Number of Episodes
Ultimately, the biggest downfall of the series is the small number of episodes. With a cinematic universe this big and a series with so many perspectives, six episodes is not enough to explore everything. Both The Mandalorian and WandaVision were given so many episodes to accommodate their expanding worlds and budgets. Why couldn’t this get the same treatment? With the villain’s motivations centered around life during the blip, there’s a lot of missed opportunities in showing what little good Thanos’ actions had on the select few, and the latent functions of bringing everyone back. How amazing would it have been to see more time devoted to John Walker slowly becoming addicted to the power that comes with being Captain America, or what life was like during the blip for those who benefited from not having anyone or anything to lose? We’ve seen two different perspectives on the event and this presented another opportunity to show the benefits sitting alongside the consequences. There’s also Zemo’s comments on how idolizing superheroes could be dangerous to the public. With more episodes, these concepts could’ve been broadened given that the Flag Smashers blow up buildings and Sam tries to talk to Karli like he does with other soldiers. Wistfully, these ideas will only exist in our imaginations never to be brought to fruition unless Marvel decides to remake the entire season.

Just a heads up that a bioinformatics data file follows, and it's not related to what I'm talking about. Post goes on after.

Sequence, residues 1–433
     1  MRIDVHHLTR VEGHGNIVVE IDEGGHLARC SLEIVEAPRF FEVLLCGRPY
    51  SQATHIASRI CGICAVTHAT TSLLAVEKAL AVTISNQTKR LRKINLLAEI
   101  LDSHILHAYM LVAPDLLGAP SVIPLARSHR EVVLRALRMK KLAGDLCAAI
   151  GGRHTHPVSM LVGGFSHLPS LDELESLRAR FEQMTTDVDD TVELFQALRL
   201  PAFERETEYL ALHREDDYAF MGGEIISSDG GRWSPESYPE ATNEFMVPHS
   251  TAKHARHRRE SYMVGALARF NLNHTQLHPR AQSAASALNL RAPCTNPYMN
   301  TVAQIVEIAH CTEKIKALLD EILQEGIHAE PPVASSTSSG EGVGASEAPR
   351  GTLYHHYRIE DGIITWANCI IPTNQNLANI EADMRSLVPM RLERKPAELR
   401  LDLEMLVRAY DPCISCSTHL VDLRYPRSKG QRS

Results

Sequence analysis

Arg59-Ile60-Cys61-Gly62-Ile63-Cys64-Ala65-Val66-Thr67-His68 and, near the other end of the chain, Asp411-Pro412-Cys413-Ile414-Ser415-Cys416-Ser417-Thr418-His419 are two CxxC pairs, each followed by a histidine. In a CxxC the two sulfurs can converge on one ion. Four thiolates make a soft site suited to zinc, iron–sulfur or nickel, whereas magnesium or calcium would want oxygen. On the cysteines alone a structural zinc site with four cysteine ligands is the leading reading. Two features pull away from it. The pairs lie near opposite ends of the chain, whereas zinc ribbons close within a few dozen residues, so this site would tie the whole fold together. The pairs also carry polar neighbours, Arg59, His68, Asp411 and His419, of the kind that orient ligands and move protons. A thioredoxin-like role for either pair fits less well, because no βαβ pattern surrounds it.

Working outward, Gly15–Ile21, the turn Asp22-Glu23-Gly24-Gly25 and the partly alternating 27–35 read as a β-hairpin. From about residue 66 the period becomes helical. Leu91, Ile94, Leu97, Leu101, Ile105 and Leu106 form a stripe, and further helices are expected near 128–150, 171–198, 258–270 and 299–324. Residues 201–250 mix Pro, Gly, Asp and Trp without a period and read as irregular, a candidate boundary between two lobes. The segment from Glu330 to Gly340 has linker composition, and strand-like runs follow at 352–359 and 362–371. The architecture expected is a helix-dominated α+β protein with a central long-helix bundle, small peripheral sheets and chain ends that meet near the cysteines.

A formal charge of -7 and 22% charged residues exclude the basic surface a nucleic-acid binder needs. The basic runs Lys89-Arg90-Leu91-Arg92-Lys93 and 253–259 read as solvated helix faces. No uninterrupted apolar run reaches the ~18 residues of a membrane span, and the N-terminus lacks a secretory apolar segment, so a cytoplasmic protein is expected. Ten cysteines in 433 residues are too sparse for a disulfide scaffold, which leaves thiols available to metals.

The Falcon and the Winter Soldier is a substantial spin-off of two side characters coming into their own adventure, but it’s a few episodes short of being a masterpiece. With more time and episodes, many of the complex themes could’ve been fine tuned rather than teased and quickly wrapped up at the finale. As far as story telling is concerned, Marvel has a ways to go before completely mastering streaming narratives, even with the resources that comes with being owned by Disney. That being said, the acting is strong enough to carry the stakes, the action is well choreographed, the themes are cleverly debatable, the cliffhangers bait the audience at the right moments, and the characters still have tons of chemistry. It’s not often that side characters can pull off a successful transition to leading roles, but with many of the well known Avengers stepping down, this streaming platform is perfect for testing the waters of the more obscure newcomers. Here’s hoping they can carry on the mantle into the unknown that is a post-Endgame future.